UN to host Haiti donors meeting in March

International donors will meet in March at the United Nations headquarters in New York to continue discussions on rebuilding the battered nation of Haiti, Canadian Foreign Affairs Minister Lawrence Cannon says.
People walk through rubble in the market area in Port-au-Prince on Jan. 18. ((Gerald Herbert/Associated Press))

International donors will meet in March at the United Nations headquarters in New York to continue discussions on rebuilding the battered nation of Haiti.

Canadian Foreign Affairs Minister Lawrence Cannon made the announcement Monday at the conclusion of a daylong international meeting in Montreal to assist Haiti's reconstruction after a massive earthquake on Jan. 12.

Cannon said the meeting produced the beginnings of a "roadmap towards Haiti's long-term reconstruction, and a clear and sustained commitment to follow through."

Cannon said he was confident the Montreal conference had come up with "one plan that ties us all together."

The conference brought together foreign ministers from more than a dozen countries, notably U.S. Secretary of State Hillary Rodham Clinton and French Foreign Minister Bernard Kouchner, along with eight international bodies including banks and six major non-governmental organizations.

Earlier Monday, Prime Minister Stephen Harper said the international community should be prepared to make a sustained, long-term commitment to the rebuilding of Haiti.

"Ten years of hard work, at least, awaits the world in Haiti," Harper told reporters.

"The task ahead of us is great, but our determination to give hope back to our Haitian friends … is even greater.

Canada as a world leader is taking its role very seriously."

Haitian Prime Minister Jean-Max Bellerive told the Montreal meeting that Haiti has set up six committees to deal with the crisis caused by the earthquake. ((Canadian Press))
He added that the harmonization of international efforts in Haiti would be essential to success.

"In order to do the greatest amount of good, we must work together," Harper said.

Immediate need remains: Bellerive

A long-term commitment is vital to the future of Haiti, said Haitian Prime Minister Jean-Max Bellerive, but there is a continuing and immediate need for emergency aid.

"We need it now, just as we needed it yesterday," Bellerive told reporters. "The emergency which has been declared over will continue for some time."

Haiti needs 200,000 tents to house people who were displaced by the earthquake, Bellerive said. More than 400,000 families are also in need of health care, he said. 

Bellerive predicted it will take four to five years to get Haiti back to where it was before the earthquake.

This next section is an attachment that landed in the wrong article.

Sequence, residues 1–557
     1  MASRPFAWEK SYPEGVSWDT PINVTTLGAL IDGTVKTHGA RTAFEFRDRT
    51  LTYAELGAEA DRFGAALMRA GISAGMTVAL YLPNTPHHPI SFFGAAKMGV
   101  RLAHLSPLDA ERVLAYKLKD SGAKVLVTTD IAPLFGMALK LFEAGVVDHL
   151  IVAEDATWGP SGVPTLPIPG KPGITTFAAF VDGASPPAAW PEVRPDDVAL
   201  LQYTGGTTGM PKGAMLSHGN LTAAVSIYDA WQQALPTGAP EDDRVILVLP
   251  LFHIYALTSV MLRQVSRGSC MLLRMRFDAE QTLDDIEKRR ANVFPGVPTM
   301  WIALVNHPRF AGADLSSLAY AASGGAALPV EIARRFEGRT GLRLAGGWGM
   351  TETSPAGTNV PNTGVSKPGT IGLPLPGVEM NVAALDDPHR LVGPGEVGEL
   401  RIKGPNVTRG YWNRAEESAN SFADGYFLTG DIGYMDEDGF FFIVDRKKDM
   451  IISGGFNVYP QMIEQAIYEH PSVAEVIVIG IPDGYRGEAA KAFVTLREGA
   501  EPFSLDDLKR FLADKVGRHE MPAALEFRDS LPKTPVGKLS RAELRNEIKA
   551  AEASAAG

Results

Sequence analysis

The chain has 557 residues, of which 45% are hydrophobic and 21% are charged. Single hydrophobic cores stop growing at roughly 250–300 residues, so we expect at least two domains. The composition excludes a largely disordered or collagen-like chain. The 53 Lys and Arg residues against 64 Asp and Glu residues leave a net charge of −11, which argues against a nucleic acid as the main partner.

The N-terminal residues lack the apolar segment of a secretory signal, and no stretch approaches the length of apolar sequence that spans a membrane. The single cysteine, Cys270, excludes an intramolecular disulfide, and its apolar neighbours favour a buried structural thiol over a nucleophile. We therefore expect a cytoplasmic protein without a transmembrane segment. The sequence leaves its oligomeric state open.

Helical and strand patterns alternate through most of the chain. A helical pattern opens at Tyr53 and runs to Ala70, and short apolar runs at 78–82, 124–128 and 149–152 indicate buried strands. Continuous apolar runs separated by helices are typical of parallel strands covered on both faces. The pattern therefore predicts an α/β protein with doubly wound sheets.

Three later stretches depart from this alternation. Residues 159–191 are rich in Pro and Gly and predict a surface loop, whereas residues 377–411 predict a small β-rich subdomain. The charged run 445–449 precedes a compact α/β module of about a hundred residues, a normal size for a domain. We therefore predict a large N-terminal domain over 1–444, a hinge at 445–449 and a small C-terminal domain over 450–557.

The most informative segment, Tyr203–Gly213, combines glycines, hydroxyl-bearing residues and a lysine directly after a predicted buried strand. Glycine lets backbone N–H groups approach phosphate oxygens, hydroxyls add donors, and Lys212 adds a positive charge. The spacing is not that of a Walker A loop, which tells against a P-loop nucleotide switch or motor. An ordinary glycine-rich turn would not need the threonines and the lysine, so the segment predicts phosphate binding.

Opposition Leader Michael Ignatieff, who was to meet with Bellerive on Monday evening, told CBC's Power & Politics that he agreed with Harper's statement that the international community will need to make a long, sustained commitment in Haiti.

"This is a long-term commitment and the worst thing we could do is come in there, pump a tonne of aid in there and head for the exits," he said. "We need to sustain and sustain and sustain in a partnership over a long period of time."

Harper said he hoped the one-day conference would "set the stage for broad international action on reconstruction that will mobilize the will and resources of all of Haiti's partners."

Haiti to take lead role

Many attendees, including Bellerive, agree that Haitians must take a lead role in rebuilding the country.

He told delegates his government has set up six committees to deal with the crisis, including sanitation and energy problems.

He told CBC News that it's important "to recognize there is a legitimate government working with the support of the Haitian population."

"We are fully conscious that the prime responsibility of our future lies in the hands of the Haitian government and the Haitian people," he said.

"The problem is there is a confusion about the fact that we don't have any buildings, we don't have public servants at our disposal. The government is functioning."

Some banks and gas stations have reopened and the government is working with the private sector to clear the streets of rubble and debris, he said.

"We are rebuilding it slowly, but we are rebuilding it," he said.

Technology key to recovery

Cannon said technology will be an important element in bringing the Caribbean country back from the earthquake that has left much of it in ruins.

As a result, wind power, which could reduce the country's dependence on fossil fuels, could play a key role, Cannon said.

Haiti and those helping with its reconstruction need to seize the opportunity to make the impoverished country better than it was, he said.

Some 200,000 people are believed to have been killed in the quake, including at least 21 Canadians. Another 171 Canadians are missing.

With files from The Canadian Press